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Archives for May 2012

As it turns out

…science does work.  This is what is going on…

Kai has had a definite decrease in teeth baring and growling over the course of the day.  His triggers are tight transitions, dogs playing too rough, dogs approaching me when I am petting him, and, well, just general diva-ness.  DEFINITE decrease in naughty face in these scenarios.

He still goes wild when I click and treat the naughty face and I can go through a bag of treats in no time flat.  He will do a ton of evil looking behavior and then start with the trilling and sighing as he stares at the other dogs.  Twice, he has touched his nose to their nose.  If I had to guess, I think he’s conflicted.  He knows what’s getting him the cookies but he’s not feeling aggressive.  Just a guess.

His favorite place to sit used to be the chair in the den.  All of the other dogs are on the floor and he’s watching from the chair, piping in with growls when he sees fit.  But now he has starting laying on the floor.  I actually tried to get him back in the chair because it’s much easier to see what he’s doing but he keeps going back to the floor.  Why?  Is he relinquishing his diva status?

When I click him for showing his teeth, he will also throw other behaviors at me like spinning, paw lifts, and more.  This says to me that the teeth showing is an operant behavior for him now, separate from the emotions of being annoyed with the other dogs.  Should I cue it?  I think I might although I will wait until the month is up.

Yesterday I was in an awful mood.  Kai growled and I just yelled for him to get out of the room.  Not graceful or polite on my part but, hey, we all have bad days.  I don’t think it affected anything but I wanted to mention it since it is an aberration from the original plan of always feeding him when he did his naughty routine.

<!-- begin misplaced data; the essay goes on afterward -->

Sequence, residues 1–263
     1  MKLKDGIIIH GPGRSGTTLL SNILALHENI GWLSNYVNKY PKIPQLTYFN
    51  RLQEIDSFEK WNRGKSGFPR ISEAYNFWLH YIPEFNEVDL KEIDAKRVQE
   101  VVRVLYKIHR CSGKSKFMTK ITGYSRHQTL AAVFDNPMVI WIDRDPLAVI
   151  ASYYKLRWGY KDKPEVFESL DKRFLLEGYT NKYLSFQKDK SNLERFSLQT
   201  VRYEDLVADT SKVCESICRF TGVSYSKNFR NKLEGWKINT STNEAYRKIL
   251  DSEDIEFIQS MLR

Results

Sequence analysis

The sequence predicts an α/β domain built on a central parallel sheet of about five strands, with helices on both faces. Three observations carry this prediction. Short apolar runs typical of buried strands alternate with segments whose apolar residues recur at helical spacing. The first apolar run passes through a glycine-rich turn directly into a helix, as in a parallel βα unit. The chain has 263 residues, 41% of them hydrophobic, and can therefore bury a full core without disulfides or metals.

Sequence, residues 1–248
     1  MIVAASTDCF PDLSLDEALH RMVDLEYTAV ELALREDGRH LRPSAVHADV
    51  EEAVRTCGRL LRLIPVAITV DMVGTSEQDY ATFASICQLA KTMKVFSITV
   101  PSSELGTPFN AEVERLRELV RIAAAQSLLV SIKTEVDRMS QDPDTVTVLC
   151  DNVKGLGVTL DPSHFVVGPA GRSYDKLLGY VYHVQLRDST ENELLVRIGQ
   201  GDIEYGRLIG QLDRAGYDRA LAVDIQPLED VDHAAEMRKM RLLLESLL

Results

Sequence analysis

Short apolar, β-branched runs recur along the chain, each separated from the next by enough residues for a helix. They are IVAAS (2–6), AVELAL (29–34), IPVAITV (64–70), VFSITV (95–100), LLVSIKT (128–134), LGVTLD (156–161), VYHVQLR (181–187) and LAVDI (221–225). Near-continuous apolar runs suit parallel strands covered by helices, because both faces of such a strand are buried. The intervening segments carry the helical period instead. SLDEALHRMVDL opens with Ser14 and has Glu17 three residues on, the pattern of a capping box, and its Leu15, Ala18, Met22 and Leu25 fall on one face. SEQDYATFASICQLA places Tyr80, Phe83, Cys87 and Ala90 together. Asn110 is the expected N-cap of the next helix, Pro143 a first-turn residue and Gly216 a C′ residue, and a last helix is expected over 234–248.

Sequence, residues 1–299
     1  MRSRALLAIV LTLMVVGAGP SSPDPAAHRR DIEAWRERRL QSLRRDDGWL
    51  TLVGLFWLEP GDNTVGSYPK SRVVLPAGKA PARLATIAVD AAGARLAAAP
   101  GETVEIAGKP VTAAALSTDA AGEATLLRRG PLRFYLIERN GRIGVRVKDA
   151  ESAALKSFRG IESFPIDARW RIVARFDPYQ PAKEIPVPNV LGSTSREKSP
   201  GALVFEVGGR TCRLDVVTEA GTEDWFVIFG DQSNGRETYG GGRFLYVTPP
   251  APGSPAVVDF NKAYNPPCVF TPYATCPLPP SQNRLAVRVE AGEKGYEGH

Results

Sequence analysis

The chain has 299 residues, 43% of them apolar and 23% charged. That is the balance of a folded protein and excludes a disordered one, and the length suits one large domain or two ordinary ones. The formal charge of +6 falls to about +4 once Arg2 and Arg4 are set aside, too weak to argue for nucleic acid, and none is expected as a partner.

Additionally, Kai is by no means a different dog.  I don’t want to give that impression.  He put a nick in the ear of one of the other dogs a few days ago, yesterday he chased another dog out of the room growling the whole time, oh yeah, there are plenty of incidents.  It’s been hard to log since I feel like the real incidents are different than the ones that come pouring out as soon as I click and feed.  Plus, I am horrible at keeping up with logs.  It’s really hard to log, click and feed, observe him, and try to do something like cook food or watch TV.

It’s amazing that it’s only been about two weeks (I think).  I’m excited to see how it goes from here!

Ever seen a whole bag of Charlie Bears get sucked up?

Do you want to? Because I am going to upload a one minute session of what my life is like these days. Fair warning, my clicking is a little off because it’s damn hard to hold an iPad, click, treat, and watch all of the dogs. But I’m getting better. I have lots of time to practice.